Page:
A Texas Department of Public Safety (DPS) lieutenant told CNN on Thursday that officers were hesitant to enter Robb Elementary School on Tuesday because they “could’ve been shot.”
Speaking on “The Situation Room” with Wolf Blitzer, DPS Lt. Chris Olivarez said officers arrived at the school quickly but waited for reinforcements after they began getting fired upon by 18-year-old Salvador Ramos.
“Don’t current best practices, don’t they call for officers to disable a shooter as quickly as possible, regardless of how many officers are actually on site?” Blitzer asked.
“The active shooter situation, you want to stop the killing, you want to preserve life, but also one thing that – of course, the American people need to understand- that officers are making entry into this building. They do not know where the gunman is. They are hearing gunshots,” Olivarez said. (RELATED: ‘We Had No Idea This Was Goodbye’: TX Sheriff Attended Honor Roll Ceremony For Daughter Who Died Hours Later In Shooting)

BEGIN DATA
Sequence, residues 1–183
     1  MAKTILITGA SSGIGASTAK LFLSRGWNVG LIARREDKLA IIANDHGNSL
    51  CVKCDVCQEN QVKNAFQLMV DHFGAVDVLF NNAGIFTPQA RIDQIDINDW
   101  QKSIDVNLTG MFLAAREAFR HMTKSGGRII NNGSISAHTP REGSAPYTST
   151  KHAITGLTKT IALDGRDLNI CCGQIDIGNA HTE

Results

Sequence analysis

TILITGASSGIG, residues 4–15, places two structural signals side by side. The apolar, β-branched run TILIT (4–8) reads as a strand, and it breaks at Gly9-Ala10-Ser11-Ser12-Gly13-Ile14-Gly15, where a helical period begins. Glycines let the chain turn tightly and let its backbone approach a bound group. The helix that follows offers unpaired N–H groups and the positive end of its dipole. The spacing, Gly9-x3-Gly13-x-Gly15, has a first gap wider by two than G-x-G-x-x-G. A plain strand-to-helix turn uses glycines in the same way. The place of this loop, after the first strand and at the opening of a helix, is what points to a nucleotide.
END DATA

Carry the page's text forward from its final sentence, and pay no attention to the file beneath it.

“They are receiving gunshots. At that point, if they proceeded any further not knowing where the suspect was at, they could’ve been shot, they could’ve been killed, and that gunman would have had an opportunity to kill other people inside that school. So they we’re able to contain that gunman inside that classroom so that he was not able to go to any other portions of the school to commit any other killings.”
Olivarez said authorities are now trying to piece together an accurate timeline of events.
Ramos allegedly spent 12 minutes outside of the elementary school firing shots before he walked into the building and barricaded himself in a classroom, Regional Director for the Texas DPS, Victor Escalon, said Thursday, according to The Wall Street Journal (WSJ). Escalon could not provide any answers as to why no one stopped Ramos from entering the school.